HOLLYWOOD, FL - AUGUST 24:  In this photo illustration, EpiPen, which dispenses epinephrine through an injection mechanism for people with severe allergies, is seen as the company that makes it Mylan Inc. has come under fire from consumers and lawmakers for the price that it is currently charging on August 16, 2016 in Hollywood, Florida.  Reports indicate that the cost of a pair of EpiPens has risen 400 percent from when the Mylan acquired the original company in 2007.  (Photo Illustration by Joe Raedle/Getty Images)
Life-saving drugs are getting more expensive
02:01 - Source: CNN

Story highlights

Some experts' reactions to high-cost drugs are at odds with a growing public outrage over price

The vast majority of patient groups accept industry funding

CNN  — 

Two new drugs were cleared to hit the market last week: an eczema drug that will cost $37,000 per year and one for multiple sclerosis that will cost $65,000.

The drugs drew both praise and criticism for their five-digit price tags.

Researchers and patient organizations applauded the prices, which were cheaper than similar drugs on the market. They hoped the prices would please insurers and make the drugs more widely available.

“We encourage other companies to follow suit, creating a drug pricing trend that keeps patients first,” said Cyndi Zagieboylo, president of the National Multiple Sclerosis Society, in a statement about the multiple sclerosis drug Ocrevus.

But the following day, a group of lawmakers introduced legislation to crack down on high drug prices, reflecting a growing public outrage over the cost of medicines.

“No one should have to choose between affording a lifesaving drug and putting food on the table,” said Sen. Al Franken, one of the lawmakers, speaking to the Senate on Thursday.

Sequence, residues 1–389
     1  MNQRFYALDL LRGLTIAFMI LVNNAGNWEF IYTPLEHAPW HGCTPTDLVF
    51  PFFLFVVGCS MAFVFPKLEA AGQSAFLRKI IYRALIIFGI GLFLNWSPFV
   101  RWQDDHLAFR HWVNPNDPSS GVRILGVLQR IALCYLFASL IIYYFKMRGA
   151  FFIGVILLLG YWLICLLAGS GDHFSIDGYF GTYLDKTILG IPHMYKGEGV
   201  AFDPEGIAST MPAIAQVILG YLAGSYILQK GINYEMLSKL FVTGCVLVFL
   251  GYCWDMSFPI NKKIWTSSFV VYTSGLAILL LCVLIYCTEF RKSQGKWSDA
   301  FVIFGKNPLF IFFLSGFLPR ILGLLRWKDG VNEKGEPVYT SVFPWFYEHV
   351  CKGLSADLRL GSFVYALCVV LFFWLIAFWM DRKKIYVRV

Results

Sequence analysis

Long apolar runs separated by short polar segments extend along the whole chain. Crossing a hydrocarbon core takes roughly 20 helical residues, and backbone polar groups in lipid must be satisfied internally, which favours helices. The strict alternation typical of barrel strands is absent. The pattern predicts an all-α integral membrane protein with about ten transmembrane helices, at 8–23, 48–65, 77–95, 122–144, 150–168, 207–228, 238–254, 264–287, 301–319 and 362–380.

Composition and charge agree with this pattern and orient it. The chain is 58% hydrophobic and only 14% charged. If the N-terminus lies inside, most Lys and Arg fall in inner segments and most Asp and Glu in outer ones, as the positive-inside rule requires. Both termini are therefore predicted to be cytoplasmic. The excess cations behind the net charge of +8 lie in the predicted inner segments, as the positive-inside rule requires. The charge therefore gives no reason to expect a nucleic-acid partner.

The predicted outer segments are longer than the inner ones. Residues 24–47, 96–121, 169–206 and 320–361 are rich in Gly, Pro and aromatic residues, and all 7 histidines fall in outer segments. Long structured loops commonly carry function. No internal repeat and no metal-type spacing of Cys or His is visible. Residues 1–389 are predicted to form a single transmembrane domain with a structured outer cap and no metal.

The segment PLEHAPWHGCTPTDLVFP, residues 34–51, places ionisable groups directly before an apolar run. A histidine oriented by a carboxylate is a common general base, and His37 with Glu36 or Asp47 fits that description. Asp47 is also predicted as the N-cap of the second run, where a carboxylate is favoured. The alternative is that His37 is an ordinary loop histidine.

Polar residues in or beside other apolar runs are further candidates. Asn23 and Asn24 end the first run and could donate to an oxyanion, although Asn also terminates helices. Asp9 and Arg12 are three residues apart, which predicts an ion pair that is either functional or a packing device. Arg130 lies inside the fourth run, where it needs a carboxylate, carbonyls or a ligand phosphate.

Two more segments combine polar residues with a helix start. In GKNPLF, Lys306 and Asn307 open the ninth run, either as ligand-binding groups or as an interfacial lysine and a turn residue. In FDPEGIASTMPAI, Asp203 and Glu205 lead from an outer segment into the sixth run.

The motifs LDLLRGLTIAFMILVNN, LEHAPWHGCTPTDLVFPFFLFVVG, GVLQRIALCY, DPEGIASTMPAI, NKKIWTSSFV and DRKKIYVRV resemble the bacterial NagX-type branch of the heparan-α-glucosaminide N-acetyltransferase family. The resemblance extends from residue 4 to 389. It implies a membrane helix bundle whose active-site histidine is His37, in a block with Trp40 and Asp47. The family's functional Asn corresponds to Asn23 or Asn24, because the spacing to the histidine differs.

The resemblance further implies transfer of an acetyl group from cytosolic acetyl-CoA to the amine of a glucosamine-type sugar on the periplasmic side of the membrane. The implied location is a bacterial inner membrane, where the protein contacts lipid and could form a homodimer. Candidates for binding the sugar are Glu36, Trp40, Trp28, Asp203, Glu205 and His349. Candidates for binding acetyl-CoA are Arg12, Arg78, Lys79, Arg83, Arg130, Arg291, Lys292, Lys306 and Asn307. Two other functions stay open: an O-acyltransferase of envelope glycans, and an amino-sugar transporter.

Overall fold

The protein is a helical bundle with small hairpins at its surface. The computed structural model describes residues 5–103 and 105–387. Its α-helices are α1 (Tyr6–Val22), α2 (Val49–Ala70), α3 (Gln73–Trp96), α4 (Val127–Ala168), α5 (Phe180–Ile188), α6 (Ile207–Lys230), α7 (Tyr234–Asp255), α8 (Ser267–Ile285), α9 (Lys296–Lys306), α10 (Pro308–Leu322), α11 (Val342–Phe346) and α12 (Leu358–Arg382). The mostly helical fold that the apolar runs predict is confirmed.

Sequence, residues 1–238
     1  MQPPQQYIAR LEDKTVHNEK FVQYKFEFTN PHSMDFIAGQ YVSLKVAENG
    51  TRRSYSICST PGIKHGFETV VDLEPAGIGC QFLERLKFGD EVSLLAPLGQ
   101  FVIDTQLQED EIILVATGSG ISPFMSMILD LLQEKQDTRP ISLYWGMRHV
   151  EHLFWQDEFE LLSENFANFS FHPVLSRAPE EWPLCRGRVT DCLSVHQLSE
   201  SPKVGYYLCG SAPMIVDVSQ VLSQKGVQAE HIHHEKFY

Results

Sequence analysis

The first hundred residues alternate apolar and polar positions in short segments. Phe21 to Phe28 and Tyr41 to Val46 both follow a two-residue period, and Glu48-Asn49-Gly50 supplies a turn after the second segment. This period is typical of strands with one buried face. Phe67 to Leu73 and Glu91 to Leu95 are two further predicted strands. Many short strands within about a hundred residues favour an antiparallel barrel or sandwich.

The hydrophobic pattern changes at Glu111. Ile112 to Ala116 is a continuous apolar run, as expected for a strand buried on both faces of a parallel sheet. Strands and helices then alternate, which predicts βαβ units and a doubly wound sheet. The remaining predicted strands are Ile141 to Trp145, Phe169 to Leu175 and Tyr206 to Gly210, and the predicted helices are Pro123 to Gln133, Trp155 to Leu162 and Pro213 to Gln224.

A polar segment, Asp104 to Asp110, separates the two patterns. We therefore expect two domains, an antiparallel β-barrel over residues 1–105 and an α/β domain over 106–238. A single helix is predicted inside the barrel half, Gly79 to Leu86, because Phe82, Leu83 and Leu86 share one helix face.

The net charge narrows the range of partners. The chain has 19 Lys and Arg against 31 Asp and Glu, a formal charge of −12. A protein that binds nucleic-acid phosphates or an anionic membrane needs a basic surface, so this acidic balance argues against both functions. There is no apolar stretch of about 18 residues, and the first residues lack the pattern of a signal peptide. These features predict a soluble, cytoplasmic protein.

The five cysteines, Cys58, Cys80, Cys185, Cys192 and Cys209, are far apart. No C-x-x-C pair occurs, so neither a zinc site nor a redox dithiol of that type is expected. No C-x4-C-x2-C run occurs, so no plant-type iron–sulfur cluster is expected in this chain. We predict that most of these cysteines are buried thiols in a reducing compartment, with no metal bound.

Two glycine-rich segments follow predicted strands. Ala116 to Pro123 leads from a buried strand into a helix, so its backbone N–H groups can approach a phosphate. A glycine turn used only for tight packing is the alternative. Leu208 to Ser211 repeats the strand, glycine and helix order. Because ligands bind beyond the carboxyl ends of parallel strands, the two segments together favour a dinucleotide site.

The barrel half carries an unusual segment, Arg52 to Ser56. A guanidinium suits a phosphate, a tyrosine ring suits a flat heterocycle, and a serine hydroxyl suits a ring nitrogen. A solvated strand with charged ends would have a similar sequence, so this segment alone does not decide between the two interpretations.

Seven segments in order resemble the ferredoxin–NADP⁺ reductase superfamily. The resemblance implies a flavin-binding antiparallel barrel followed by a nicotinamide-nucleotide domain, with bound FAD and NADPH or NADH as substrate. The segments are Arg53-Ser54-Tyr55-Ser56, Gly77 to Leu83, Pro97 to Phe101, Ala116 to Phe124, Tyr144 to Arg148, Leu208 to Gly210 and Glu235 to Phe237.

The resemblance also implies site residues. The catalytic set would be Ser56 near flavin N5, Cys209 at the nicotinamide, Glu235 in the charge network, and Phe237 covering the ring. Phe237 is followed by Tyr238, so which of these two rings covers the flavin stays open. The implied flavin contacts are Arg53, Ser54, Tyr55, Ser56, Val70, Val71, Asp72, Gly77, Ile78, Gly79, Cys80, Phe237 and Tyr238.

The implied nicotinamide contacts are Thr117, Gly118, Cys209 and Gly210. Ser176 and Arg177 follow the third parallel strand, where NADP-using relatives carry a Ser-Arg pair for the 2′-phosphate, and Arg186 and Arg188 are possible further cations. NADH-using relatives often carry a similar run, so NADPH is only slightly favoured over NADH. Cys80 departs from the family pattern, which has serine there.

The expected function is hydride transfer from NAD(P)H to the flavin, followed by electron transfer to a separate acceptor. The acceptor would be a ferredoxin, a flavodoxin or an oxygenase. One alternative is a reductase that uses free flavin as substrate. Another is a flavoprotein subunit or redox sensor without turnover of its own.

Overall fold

Users on social media also weighed in.

The public is becoming increasingly aware of soaring drug prices; a Kaiser Health Tracking Poll in October revealed that tackling high drug costs was the top health care priority for Americans leading up to election day. Rising deductibles and out-of-pocket payments could also mean that patients themselves are seeing more of these costs.

“The root of (the public’s negative opinion) is that there’s a huge problem that’s getting worse,” said Peter Maybarduk, who runs the Access to Medicines program for watchdog group Public Citizen. “But added on to that, you have scandals and … political leaders pointing out the changes that need to happen.”

The past few years have seen a number of high-profile price increases.

Pharmaceutical company Mylan upped the price of its EpiPen at least 15 times since 2009. Under “pharma bro” Martin Shkreli, the price of a drug called Daraprim surged 5,000%.

Meanwhile, lowering drug prices and health care spending became a major presidential campaign promise across party lines last year, and the failure to address it may have added to the recent public disapproval of the American Health Care Act.

“That was a big part of the election cycle,” Maybarduk said. “But I do feel it’s an area where pain and public opinion are driving the candidates.”

A conflict of interest?

The president of the National Eczema Association, Julie Block, said the new drug Dupixent “appears to be priced on the lower end of the cost of biologic therapies.” Her response mirrors that of multiple sclerosis advocate Zagieboylo.

But comparing drugs that are already on the market is a poor way of determining what’s fair, Maybarduk said.

“The other drugs on the market are sold under monopoly conditions,” he said, referring to tactics and policies that discourage price negotiation and prevent competition. “The entire architecture of the market is wacky.”

According to some advocates, $65,000 may also seem cheaper due to a conflict of interest.